From Our Collection
Birmingham City Transport OV 4090
The Dictator chassis was designed by Charles K Edwards, who until 1928 was Chief Engineer of AEC.
Edwards had been partly responsible for the revolutionary London General "K" type (AEC 301) of 1919 where the driver was placed alongside the engine creating the classic British half cab bus.
In 1923 Edwards again was at the forefront of bus design with the introduction by AEC of the London General NS (AEC 405) type which had a very low chassis frame aimed at making operation of top covered double deck buses more acceptable by reducing the overall height and centre of gravity considerably.
However, even with these achievements, Edwards was not able to produce designs that could compete with the emergence of buses like the Leyland Titan and Tiger. By the end of the 1920's even after a short term union with Daimler as ADC the AEC company lacked competitive designs. AEC through its parent the Underground Group "headhunted" Leyland's Chief Engineer and the sidelined Edwards who left to take up a similar position with Morris Commercial in 1929, who were trying to break into the heavy bus and truck market.
The Dictator looked similar to the earlier Edwards designed ADC 426 and later AEC 660 Reliance and Daimler CF6 but had the novel feature of a front sub frame that allowed the front axle, engine and gearbox to be removed as a unit by removing a few bolts to improve serviceing accessibility. This feature was successfully revived in the mid 1950's on the famous AEC Routemaster of London Transport.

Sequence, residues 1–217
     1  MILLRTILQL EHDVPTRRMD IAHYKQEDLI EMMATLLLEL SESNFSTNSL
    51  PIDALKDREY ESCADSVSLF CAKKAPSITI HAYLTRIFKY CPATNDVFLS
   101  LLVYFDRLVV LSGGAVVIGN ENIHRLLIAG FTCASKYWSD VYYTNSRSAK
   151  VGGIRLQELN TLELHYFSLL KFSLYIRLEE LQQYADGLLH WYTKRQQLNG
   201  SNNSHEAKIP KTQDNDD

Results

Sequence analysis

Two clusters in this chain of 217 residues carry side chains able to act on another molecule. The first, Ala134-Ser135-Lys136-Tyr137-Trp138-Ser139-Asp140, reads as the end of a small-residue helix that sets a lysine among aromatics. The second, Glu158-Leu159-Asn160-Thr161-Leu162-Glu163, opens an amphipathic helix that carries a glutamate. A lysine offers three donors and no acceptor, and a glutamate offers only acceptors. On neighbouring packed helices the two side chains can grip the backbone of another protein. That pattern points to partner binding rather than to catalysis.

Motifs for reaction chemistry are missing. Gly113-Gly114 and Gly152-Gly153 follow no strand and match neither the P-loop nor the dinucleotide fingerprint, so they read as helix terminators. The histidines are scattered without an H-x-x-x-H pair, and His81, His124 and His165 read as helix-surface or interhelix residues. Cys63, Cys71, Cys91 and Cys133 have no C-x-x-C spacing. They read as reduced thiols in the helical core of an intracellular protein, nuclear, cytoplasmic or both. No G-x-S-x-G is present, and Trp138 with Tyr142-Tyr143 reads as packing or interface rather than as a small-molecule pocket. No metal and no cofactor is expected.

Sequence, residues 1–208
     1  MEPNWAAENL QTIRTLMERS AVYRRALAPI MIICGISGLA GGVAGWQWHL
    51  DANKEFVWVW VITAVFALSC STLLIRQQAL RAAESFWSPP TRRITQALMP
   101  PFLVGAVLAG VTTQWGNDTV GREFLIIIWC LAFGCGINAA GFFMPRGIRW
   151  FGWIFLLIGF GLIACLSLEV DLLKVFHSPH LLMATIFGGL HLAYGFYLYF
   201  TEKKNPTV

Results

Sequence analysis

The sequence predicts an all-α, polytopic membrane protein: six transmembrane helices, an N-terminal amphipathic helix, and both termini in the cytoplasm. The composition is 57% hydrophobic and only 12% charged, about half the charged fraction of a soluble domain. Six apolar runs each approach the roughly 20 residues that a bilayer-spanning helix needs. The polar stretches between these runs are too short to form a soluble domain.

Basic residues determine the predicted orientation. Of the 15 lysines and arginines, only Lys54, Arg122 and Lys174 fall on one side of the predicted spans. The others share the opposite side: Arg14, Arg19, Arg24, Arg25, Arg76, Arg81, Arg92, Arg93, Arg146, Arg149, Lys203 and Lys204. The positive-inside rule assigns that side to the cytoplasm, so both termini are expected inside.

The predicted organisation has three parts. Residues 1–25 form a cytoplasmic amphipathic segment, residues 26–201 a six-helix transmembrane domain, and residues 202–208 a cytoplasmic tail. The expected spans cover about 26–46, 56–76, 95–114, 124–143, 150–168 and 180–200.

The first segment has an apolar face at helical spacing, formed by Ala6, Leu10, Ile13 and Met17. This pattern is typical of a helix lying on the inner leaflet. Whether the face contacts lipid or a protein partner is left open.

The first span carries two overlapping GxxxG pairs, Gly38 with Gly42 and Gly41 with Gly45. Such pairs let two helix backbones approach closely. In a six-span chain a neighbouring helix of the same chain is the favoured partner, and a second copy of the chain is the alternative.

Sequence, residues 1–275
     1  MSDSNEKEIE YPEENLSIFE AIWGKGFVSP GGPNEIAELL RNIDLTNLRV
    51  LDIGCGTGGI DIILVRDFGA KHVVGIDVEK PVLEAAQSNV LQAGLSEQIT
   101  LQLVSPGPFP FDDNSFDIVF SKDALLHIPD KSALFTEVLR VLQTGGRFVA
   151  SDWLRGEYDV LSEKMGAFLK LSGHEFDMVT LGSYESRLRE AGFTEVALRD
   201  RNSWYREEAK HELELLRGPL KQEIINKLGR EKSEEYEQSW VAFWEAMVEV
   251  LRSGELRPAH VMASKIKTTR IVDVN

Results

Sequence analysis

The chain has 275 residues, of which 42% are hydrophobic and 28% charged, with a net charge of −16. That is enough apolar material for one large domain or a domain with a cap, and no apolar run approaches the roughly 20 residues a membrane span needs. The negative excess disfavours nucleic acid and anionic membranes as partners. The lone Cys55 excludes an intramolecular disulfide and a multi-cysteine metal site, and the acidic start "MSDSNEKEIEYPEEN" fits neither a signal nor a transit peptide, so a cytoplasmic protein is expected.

The body by local manufacturer Metropolitan Cammell was one of the earliest examples of what was to become a trendsetting steel body structure developed by a team lead by Colin Bailey. The design still influences bus body structures that are built today.
The Dictator was never a sales success, being a 1920's concept competing with the much more modern and contantly evolving designs of the 1930's.
Birmingham bought Morris to support local industry at the height of the world trade depression, abandoning its traditional supplier AEC. But for this, it is likely that the AEC Regal (the single deck equivalent to the Regent) may have been chosen which would have undoubtedly been a better investment.